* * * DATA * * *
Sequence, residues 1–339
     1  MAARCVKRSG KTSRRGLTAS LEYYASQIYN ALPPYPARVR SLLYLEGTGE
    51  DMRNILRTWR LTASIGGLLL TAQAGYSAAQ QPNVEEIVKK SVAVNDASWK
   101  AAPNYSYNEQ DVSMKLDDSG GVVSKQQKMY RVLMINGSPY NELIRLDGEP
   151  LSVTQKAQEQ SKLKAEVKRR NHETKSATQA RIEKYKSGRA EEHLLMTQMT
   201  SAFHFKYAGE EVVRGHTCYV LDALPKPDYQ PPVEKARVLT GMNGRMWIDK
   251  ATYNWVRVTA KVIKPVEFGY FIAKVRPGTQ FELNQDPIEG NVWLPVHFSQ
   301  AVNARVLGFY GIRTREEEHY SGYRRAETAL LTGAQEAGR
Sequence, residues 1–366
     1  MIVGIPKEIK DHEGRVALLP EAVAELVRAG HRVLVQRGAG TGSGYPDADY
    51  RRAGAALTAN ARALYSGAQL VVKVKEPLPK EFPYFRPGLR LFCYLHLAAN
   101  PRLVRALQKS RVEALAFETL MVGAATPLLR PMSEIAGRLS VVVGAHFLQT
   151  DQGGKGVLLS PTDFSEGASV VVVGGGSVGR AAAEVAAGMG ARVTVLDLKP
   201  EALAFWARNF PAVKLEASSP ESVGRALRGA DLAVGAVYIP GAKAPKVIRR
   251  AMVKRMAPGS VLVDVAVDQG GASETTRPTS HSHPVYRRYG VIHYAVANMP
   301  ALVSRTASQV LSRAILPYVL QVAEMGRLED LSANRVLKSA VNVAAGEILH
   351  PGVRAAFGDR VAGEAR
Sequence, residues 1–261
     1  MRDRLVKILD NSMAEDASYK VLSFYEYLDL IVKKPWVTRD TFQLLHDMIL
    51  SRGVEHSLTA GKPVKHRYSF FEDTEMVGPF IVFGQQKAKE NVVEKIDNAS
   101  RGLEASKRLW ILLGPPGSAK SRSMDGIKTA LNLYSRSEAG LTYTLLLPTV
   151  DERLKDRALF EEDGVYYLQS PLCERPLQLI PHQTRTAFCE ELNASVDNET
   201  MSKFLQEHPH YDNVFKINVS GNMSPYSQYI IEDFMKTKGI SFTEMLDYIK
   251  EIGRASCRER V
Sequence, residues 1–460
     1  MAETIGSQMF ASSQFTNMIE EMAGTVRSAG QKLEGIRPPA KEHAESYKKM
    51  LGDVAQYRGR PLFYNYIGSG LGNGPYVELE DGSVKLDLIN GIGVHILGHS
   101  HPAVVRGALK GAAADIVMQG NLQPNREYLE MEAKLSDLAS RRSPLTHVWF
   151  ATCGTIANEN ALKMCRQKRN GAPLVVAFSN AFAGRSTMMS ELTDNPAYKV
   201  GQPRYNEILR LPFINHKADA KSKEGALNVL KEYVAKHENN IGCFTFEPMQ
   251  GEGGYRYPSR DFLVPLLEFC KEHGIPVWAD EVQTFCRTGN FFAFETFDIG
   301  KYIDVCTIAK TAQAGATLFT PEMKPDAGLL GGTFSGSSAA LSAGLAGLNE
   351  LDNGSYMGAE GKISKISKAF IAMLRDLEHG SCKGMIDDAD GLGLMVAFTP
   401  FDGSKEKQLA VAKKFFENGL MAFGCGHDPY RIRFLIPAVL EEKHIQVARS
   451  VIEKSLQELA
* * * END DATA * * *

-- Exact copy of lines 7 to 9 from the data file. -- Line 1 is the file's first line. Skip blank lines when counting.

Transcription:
   251  ATYNWVRVTA KVIKPVEFGY FIAKVRPGTQ FELNQDPIEG NVWLPVHFSQ
   301  AVNARVLGFY GIRTREEEHY SGYRRAETAL LTGAQEAGR
Sequence, residues 1–366